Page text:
Saturday, June 18, 2016

Review of Instaread Summary of "The Gift of Fear Survival Signals That Protect Us From Violence" by Gavin de Becker

Review of

Instaread Summary of The Gift of Fear Survival Signals That Protect Us From Violence by Gavin de Becker 

Three out of five stars

This book is based on what I consider to be a disingenuous statement that appears on the first page of text in the summary. This is summed up in the two sentences, “After violent episodes, observers often will remark that they didn’t think the offender was capable of committing a criminal act, such as stalking, domestic abuse, or even assassination. Yet the perpetrator always sends out warning signals that precede violence, which are often noticeable in retrospect.” The first sentence sets the subject matter, while the second is packed with questionable content.
 The first section of the second sentence establishes an absolute “always,” while the second section uses the much more uncertain “often.” As any person schooled in logic knows, any conditional statement where the consequence is true is true. In other words, all that is needed to interpret the signal as a warning of a potential hostile action  is to have the fact of the violent act. This is a logically meaningless tautology.
The purpose of the book is to give the reader advice on how to make themselves a “tough target” for those that want to commit violent acts. While some of this is effective and should be followed, arguments in the summary used to convince the reader are weak.
 Key takeaway two contains a lengthy anecdote regarding a woman and her having a “bad feeling” about a cab right before she entered it. The cab rear-ended another while she was in it, “justifying” the reliance on intuition in keeping yourself safe. Once again, this is the “recollection” of having a “bad feeling” where the bad feeling felt before the accident is recollected after the accident. Once again, logically meaningless.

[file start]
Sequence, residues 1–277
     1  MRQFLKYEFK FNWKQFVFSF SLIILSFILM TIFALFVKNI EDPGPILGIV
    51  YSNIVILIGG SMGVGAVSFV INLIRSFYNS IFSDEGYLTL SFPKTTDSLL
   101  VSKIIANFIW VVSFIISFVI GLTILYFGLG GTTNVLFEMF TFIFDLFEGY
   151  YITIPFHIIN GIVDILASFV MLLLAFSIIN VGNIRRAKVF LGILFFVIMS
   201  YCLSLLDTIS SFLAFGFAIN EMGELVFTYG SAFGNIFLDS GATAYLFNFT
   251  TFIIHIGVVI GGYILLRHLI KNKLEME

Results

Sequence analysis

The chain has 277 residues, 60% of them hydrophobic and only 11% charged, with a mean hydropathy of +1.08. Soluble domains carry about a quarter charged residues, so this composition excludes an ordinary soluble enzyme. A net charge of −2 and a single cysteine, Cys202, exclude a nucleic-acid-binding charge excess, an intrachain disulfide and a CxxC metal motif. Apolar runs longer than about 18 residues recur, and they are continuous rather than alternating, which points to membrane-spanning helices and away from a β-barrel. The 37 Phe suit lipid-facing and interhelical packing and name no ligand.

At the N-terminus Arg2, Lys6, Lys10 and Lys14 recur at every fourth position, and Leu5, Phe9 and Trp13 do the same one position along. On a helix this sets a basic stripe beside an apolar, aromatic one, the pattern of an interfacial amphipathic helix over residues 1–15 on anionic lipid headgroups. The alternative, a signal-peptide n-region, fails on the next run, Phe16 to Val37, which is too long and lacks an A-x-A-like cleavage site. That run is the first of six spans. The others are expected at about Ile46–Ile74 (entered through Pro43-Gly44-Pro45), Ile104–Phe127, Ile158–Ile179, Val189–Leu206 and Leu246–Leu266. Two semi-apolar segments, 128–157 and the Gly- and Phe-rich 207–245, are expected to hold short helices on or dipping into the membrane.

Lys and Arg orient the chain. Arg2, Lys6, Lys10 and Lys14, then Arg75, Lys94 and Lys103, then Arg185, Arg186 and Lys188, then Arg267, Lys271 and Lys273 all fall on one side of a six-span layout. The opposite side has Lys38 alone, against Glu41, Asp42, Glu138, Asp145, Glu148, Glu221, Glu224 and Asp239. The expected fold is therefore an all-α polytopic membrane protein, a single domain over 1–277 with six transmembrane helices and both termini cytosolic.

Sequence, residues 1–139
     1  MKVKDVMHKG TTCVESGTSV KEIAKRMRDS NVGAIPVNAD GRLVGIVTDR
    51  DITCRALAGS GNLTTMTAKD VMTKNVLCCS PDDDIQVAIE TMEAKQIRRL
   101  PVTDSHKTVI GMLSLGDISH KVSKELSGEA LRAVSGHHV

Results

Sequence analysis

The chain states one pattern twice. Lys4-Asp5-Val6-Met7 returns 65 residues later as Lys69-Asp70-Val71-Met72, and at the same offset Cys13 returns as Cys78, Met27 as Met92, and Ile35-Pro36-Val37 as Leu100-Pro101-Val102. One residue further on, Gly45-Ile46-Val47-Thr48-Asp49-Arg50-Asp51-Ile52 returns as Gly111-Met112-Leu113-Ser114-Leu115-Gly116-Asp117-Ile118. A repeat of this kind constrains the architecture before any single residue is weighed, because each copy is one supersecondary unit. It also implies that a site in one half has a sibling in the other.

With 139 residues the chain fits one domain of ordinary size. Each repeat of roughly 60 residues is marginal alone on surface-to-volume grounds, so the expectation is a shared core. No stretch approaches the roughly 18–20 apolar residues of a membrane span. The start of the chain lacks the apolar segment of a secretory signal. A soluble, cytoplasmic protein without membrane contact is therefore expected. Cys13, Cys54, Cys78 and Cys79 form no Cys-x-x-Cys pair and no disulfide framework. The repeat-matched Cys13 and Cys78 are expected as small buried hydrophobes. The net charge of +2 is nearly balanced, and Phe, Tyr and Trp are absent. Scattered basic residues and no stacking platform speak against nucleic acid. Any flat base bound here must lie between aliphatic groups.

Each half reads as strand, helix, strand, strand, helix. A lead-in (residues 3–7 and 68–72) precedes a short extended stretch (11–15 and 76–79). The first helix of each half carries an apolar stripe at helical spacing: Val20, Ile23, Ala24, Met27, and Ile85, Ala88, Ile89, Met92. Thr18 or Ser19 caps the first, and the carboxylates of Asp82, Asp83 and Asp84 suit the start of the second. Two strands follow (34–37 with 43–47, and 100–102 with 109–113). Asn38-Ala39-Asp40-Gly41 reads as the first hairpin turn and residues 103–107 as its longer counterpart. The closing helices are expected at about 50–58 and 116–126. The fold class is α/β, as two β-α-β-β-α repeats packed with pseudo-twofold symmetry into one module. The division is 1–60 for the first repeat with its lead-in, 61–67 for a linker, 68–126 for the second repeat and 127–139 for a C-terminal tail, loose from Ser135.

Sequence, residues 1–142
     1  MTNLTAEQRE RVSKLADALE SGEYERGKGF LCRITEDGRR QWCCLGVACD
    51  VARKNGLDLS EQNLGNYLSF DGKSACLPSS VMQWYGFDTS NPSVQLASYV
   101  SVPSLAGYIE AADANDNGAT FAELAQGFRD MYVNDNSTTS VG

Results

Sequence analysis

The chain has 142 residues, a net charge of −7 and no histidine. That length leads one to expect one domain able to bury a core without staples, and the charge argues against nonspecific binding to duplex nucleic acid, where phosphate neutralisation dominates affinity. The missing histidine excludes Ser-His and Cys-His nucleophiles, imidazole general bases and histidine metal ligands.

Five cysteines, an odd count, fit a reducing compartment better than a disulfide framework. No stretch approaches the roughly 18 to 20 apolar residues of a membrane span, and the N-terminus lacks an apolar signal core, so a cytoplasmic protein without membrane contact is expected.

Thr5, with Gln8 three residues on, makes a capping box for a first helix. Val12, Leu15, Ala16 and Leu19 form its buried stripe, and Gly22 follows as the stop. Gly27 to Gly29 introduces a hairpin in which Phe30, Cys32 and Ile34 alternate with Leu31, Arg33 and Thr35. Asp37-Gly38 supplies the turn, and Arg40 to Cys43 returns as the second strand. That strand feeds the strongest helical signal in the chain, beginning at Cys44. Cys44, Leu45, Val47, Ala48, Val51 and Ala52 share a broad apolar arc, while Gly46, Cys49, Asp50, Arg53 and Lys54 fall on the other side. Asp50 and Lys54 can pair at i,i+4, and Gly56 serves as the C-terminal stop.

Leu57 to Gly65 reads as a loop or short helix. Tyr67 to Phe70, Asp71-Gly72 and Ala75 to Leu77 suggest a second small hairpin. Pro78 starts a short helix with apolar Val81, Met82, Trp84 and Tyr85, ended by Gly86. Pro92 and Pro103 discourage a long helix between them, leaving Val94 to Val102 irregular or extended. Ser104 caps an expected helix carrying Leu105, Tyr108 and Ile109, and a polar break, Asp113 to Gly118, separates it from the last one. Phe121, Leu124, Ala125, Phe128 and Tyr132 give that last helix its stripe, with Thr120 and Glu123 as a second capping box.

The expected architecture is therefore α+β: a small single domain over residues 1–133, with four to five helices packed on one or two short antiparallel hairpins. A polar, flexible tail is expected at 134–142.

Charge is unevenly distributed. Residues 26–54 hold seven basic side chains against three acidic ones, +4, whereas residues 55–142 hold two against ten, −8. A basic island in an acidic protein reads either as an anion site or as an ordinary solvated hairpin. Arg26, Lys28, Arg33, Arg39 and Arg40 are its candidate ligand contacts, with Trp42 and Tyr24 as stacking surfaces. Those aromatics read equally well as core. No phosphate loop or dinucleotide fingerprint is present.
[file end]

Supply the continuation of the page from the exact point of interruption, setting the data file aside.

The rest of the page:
Key takeaway 6 is about abused children being more likely to be violent. There is the use of the example of football player Ray Rice, the man made famous by punching his wife out in an elevator. Some of the trauma of Rice’s childhood is cited, but this is nowhere near any hard evidence of a cause and effect. The description of Rice comes across as a nonsensical reference to a celebrity event where it is difficult to see the connection to making the reader safe.
 Anybody can claim to be the possessor of precognitive skills after the event occurs, for then all interpretations of earlier events can be manipulated into being considered a warning sign. The content of the book is taken from the author’s years as a personal security consultant, one would think that the author of this summary could come up with better anecdotes than this.
 Making people paranoid and afraid is not a path to a higher level of personal security, it is a road to mindless and irrational fear of everything (FOE). It is also a way to sell more books. I will not be reading this one. 

This book was made available for free for review purposes. 

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